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Mission History and Boundaries



A good general history of the LDS Church in Japan can be found on Tokyo’s Alumni site.

History of Mission Boundaries The Sendai Mission was established 01 July 1974 when the Japan East Mission, which was headquartered in Sapporo and had only existed for four years, was split into two missions. The island of Hokkaido became the Sapporo Mission and the six-prefecture Touhoku (Northeast) region of Honshu became the Sendai Mission, including the southeastern-most city of Iwaki, which had been part of the Tokyo Mission prior to this date. Many of the pioneer Sendai missionaries that started as Japan East missionaries served parts of their missions on Hokkaido. Ironically, a few days after the Higashi Nihon Daishinsai (East Japan Great Earthquake Disaster) occurred on 11 Mar 2011, all Sendai Missionaries were temporarily transferred to the Sapporo Mission, not knowing if or when they would return. By 24 May 2011, all Sendai Missionaries had returned to the Sendai Mission and were assigned to areas considered safe.

The six-prefecture Touhoku area is also referred to as Michinoku, and retains a reputation as a remote region, offering breathtaking scenery but a harsh climate. The famous haiku poet Matsuo Basho wrote Oku no Hosomichi (The Narrow Road to the Deep North) during his travels through the region in 1689, and the term Michinoku is derived from that work.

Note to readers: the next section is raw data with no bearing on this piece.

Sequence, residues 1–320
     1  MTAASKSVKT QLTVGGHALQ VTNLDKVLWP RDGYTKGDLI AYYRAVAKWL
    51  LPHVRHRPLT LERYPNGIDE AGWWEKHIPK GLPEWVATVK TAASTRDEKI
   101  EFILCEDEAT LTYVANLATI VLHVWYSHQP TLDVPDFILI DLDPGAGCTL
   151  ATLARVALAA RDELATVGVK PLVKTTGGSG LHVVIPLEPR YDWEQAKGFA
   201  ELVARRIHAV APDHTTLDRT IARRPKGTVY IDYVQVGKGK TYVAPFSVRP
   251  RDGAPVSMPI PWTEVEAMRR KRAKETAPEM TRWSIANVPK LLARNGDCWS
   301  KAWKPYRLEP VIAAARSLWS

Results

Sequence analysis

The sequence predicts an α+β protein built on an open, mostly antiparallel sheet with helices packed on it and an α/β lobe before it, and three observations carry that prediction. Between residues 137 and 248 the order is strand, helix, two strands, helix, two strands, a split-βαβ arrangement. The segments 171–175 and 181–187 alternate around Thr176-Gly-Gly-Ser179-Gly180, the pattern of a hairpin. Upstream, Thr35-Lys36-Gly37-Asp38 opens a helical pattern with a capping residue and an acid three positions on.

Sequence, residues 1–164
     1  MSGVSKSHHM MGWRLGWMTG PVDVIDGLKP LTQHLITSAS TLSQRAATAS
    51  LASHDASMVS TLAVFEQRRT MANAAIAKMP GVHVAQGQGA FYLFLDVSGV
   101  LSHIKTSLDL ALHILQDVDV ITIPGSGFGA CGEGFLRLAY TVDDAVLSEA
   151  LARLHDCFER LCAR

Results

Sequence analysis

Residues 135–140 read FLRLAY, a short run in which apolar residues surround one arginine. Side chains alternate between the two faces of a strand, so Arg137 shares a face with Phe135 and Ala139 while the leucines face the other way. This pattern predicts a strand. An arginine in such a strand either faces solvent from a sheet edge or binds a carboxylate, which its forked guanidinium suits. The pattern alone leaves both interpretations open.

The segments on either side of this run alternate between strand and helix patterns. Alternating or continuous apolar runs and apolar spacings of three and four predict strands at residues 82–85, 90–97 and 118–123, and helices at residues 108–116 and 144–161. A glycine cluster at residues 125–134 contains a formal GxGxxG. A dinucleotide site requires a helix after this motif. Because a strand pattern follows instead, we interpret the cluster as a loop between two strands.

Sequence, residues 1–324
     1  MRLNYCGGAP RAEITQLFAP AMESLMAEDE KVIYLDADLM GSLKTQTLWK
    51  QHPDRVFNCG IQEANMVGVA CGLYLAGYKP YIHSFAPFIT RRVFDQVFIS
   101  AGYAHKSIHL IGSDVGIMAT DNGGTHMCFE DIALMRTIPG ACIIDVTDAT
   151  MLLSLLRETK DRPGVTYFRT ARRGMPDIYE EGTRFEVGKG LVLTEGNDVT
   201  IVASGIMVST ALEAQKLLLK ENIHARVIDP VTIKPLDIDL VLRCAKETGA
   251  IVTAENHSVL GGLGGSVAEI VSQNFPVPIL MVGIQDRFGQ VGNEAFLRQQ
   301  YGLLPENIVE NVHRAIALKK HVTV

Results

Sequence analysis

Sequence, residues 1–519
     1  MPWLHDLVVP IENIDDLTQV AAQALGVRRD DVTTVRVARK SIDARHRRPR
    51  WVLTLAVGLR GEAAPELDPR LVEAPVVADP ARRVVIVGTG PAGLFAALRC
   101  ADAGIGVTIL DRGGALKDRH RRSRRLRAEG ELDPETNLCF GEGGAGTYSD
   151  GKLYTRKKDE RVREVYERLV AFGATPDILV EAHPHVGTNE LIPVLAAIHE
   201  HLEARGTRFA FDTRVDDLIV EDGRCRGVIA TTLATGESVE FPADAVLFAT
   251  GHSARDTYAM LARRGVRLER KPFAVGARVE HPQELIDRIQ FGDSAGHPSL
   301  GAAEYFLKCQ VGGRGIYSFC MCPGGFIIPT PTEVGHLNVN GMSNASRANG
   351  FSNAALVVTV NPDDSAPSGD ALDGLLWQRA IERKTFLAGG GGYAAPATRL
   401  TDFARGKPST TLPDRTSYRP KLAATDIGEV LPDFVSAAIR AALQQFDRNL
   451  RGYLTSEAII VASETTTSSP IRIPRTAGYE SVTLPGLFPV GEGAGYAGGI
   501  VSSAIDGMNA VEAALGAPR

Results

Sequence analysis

The Touhoku-only Sendai Mission boundaries remained consistent for 27 years until 01 July 2001, when, in conjunction with the consolidation of the Kobe Mission into the Hiroshima Mission, the prefecture of Niigata, formerly part of Tokyo North Mission, became part of the Sendai Mission, adding four new branches. Similar border shifts also took place in all missions on Honshu. Since that time, all Japan missions except Sendai and Sapporo have been affected by mission dissolutions, additions and consolidations, including the reinstatement of Kobe as a mission (2007) and dissolution of Hiroshima as a mission (2010).

Due to the (re)creation of the Tokyo South Mission, effective 01 Jul 2013, Niigata Prefecture and its districts/branches (Niigata, Nagaoka, Sanjo, Joetsu, Sado) will again become part of the Tokyo Mission, after having been part of the Sendai Mission for the past 12 years.

A chart of the History of LDS Japan Mission Names and Area Boundaries appears below. I've added a 'unit count' row at the bottom to illustrate the current relative number of church units in each mission--you can see that the two most rural missions, Sendai and Sapporo, also have the lowest unit counts. Please feel free to address questions or corrections using a 'Comments' entry.

Links:
Map of all Japan Missions
Mission History Index.

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LDS Mission Network

Copyright ©2017 LDS Mission Networksm · mission.net / ldsmissions.net · All rights reserved.
Current Webmaster/Maintainer: Todd Ogaard since 14 April 2006. Sendai Mission RM/Alumni Site first created by Andrew Christensen in 1996 and maintained by him through to 2000. Site maintained from 2000 to 2006 by Adam Brinton, including transition to current mission.net and Site-In-A-Box structure in 2003.
Note: This Site has no direct connection whatsoever with the Church of Jesus Christ of Latter-day Saints ("Church"), but is maintained by and is for the use of missionaries who served in the Japan Sendai Mission. This Site contains no "official" Church information.

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